While James carried for a season-high 127 yards and three touchdowns Sunday, it was Smith’s 21-yard run on a fake field goal that gave the Indianapolis Colts a 38-31 victory.
“It just opened wide up,” Smith said after scoring his first touchdown in five NFL seasons. “I think anyone could have scored on that one.”
Perhaps anyone could have scored Sunday, period.
Peyton Manning threw for a season-high 401 yards on a wacky day for two teams that last met in a lopsided Jets playoff win and are led by former defensive coaches in Tony Dungy and Herman Edwards.
The game had a little bit of everything.
The Jets (3-7) and Colts combined for 862 total yards, 69 points and scored on a myriad of big and strange plays—none more critical than Smith’s go-ahead burst late in the third quarter.
The Colts (8-2) also looked much different than the team that took a day off in a 41-0 loss to the Jets last January.
This time, Indianapolis’ offense pretty much did anything it wanted despite missing three starters: left tackle Tarik Glenn, wide receiver Marvin Harrison and tight end Marcus Pollard. It also lost Harrison’s replacement, Troy Walters, with a hamstring injury during the game.
Yet Manning and James had little trouble exposing the Jets’ holes.
James, who complained he wasn’t getting enough work after last week’s loss, had 36 carries, second most of his career.
“We said if they could run it and pass it, it was going to be hard to defend them,” Edwards said.
The Colts took advantage of just about everything, including the Jets’ aggressive rush on the field-goal attempt that made Smith the unlikeliest hero.
New York got two touchdowns from Jonathan Carter, on a 62-yard touchdown pass and a 90-yard kickoff return. Santana Moss caught a 48-yard TD pass from Chad Pennington and Curtis Conway caught a 28-yarder.
Moss broke Don Maynard’s franchise record with a touchdown reception in his sixth straight game.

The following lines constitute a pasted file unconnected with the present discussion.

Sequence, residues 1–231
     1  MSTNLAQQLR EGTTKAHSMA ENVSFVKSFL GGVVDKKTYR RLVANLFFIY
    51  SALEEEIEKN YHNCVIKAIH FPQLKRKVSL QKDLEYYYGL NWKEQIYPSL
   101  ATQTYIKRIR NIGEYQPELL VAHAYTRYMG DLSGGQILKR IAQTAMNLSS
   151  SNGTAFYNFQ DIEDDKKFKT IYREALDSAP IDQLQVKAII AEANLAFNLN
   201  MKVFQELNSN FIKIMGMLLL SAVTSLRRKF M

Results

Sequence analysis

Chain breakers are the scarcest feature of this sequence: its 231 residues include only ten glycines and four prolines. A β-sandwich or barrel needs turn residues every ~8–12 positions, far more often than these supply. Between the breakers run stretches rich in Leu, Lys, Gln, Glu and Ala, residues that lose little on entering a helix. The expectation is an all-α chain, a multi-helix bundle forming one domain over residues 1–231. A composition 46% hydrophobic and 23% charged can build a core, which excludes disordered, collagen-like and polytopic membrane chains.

Pennington completed 11 of 14 passes for 219 yards and three touchdowns, finishing with a perfect passer rating of 158.3. Curtis Martin carried 13 times for 105 yards.
The Jets changed the tone of the game quickly in the second half. Trailing 24-10 at halftime, they scored twice on their first five plays of the second half and sandwiched Carter’s kickoff return in between to tie the score at 31.
But they were worn down.
“Defensively, we couldn’t get off the field enough times,” said Edwards, who was a defensive assistant on Dungy’s staff in Tampa Bay.
James was the biggest reason. He ran over, through and around Jets defenders most of the day and rushed for three touchdowns for the first time since Dec. 9, 2000. He also broke Lydell Mitchell’s franchise rushing record (5,487). James now has 5,540 yards.
“At one point we thought we were going to put them away. We put them behind by two scores,” James said. “But they came back and we never really got to where we could just grind ‘em, grind ‘em, grind ‘em.”
Late in the third quarter, Manning and James led Indianapolis on a 57-yard drive. That’s when Dungy emptied the playbook.
Mike Vanderjagt, who had made 29 straight field goals, lined up for a 38-yarder. Smith took the snap, saw an opening and darted 21 yards virtually untouched to the end zone.
“They put nine guys on one side of the left guard and two guys outside,” said Smith, a former high school quarterback. “It was kind of a no-brainer. We had five-on-two on that side.”
The Indianapolis defense held from there, and Manning hit another big play, a 35-yard pass to Wayne, that fittingly sealed the outcome.
“Championship teams find ways to win games differently,” Dungy said. “We’ve won 9-6 games, we’ve won games where we shut people down, we won today because we outscored them.”
James’ 42 touches tied the franchise record set by Mitchell in 1974 also against the Jets. … Vanderjagt extended his club record to six straight 100-point seasons. … Carter’s 62-yard touchdown was the first catch of his career. … Shaun Ellis had one sack Sunday to give him 10 1/2 this season. He is the 12th player in Jets history to record double-digit sacks in a season.